NBA Draft: Style Starts Now

NBA Draft: Style Starts Now

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NBA Draft: Style Starts Now

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From Julius Randle's famous Burberry belt to pledge his allegiance to Big Blue Nation to Myles Turner's spiffy bowtie ensemble to tell the world he'd be screaming "Hook 'em Horns" with Texas, elite high school athletes have proven time after time that, on occasion, they can trade in their Air Jordan retros and baggy basketball shorts for Teen Vogue-ready attire.

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"Style is something I take serious," said SMU freshman point guard Emmanuel Mudiay, a projected top three pick in the 2015 NBA Draft.

On Thursday night 30 of the top young basketball players in the world will walk across the stage during the first round of the NBA Draft at the Barclays Center in Brooklyn sporting some of the flyest duds to launch their NBA careers.

James Carpenter Jr., creative director of The Custom Factory, said that, "for a lot of athletes" the NBA Draft is the "first time they've ever really put substantial thought into how they're dressed and how they look in a suit."

"That's a problem," said Carpenter, who outfits multiple NBA Draft picks each year including reigning ACC Player of the Year T.J. Warren, among others, for Thursday night's draft. "Back in the day high school coaches required players to wear a shirt and tie on Fridays for games, and you don't see that anymore. Some of these elite guys will be walking across that stage in the near future, but all of the young players, at the very least, want to. I think it's important to start dressing for the job you want. They need to realize that they've invested so much into making this game their profession, now they have to take that next step into projecting the correct image; starting now."

I sat down with Carpenter, who's dressed former No. 1 picks like Andrew Bogut, to dish on a few pointers young athletes can use to spruce up their wardrobes as they transition into becoming more fashion conscious.

Fitted isn't just for caps.
"Everyone knows someone who knows someone else who tailors clothes; find that person and have them work on your suits. You don't want the suit hanging off of you all baggy. Wearing a suit that's tailored makes you standout and it says that you care about your appearance; you'll see that people treat you with more respect when you do this too."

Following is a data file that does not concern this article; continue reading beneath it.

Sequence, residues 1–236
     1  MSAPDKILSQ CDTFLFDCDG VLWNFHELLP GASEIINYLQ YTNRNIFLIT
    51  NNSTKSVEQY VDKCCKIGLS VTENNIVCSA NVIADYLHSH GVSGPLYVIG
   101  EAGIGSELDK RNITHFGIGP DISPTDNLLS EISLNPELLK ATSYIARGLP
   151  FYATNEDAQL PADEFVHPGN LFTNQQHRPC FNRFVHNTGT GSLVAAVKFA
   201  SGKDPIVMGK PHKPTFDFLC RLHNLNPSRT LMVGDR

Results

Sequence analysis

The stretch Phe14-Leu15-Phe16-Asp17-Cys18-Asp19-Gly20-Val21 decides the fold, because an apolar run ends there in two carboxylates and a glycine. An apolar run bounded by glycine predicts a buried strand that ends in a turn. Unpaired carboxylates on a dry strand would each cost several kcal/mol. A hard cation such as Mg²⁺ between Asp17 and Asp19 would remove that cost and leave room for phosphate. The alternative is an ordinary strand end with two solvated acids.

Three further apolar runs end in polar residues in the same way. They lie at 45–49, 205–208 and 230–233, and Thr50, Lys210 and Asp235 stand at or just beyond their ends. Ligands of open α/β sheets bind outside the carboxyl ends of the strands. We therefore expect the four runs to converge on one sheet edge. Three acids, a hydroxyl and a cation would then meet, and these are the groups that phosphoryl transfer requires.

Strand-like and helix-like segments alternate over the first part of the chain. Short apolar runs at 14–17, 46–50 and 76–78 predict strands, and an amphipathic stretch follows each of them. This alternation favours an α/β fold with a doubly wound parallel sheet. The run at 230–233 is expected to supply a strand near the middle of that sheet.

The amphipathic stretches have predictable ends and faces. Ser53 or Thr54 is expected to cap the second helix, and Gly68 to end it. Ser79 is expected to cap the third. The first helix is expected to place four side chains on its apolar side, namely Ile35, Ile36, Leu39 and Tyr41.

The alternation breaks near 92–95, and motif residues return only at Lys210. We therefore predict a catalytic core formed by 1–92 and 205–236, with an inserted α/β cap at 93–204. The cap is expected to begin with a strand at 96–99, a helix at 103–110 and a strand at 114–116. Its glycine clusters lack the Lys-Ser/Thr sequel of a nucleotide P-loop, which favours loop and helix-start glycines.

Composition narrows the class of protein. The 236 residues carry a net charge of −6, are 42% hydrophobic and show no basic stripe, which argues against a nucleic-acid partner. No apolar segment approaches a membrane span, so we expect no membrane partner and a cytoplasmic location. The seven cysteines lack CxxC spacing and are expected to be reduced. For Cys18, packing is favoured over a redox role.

Small steps make a big difference.
"You don't always have to go to a full-out suit; get a nice pair of ironed khakis and an ironed Polo or buttoned down shirt. Add a nice pair of shoes and you're ready to go. That look is subtle and classy."

Shoes make the man.
"I always tell guys that if you want people to believe that you're serious about the steps you're taking make sure your shoes are right! You don't want old, folded-over shoes; that's not a good look. I wouldn't take the guy wearing those seriously. Always make sure you have a good, clean pair of black shoes. It's cheap and easy to shine your shoes too."

Bowties are in.
"Most guys will opt for a necktie just because they haven't acclimated over to bowties just yet, but, trust me, bowties are in. They've been in for a while. It gives you a look of distinction and a look of professionalism. Neckties are fine just make sure the dimple in the tie is right and the knot is right. It's the little things that make the biggest difference."

Don't get locked in to trends.
"At this age trends are constantly changing; I'm worried that if they're focused on keeping up with certain trends it will be a lot tougher since, at this level, they don't always have the means to do that. Then, when they actually get to the pro level, the trend will have changed again anyway."

Frugal options are viable.
"I understand that everyone doesn't have the money to buy a bunch of suits and ties, but, listen, Goodwill has really nice stuff. I'm not kidding; it's not the Goodwill of old. You can go in there and find some really good pieces. Walmart and Target also have less expensive options. You don't have to break the bank to find pieces that fit your look. But I'll say this too; the first thing I'd look at for a kid who says they can't afford it is the shoes on their feet. Maybe tell your parents to get the $200 pair instead of the $300 pair and add a $100 suit."

Follow Jason Jordan on Twitter: @JayJayUSATODAY

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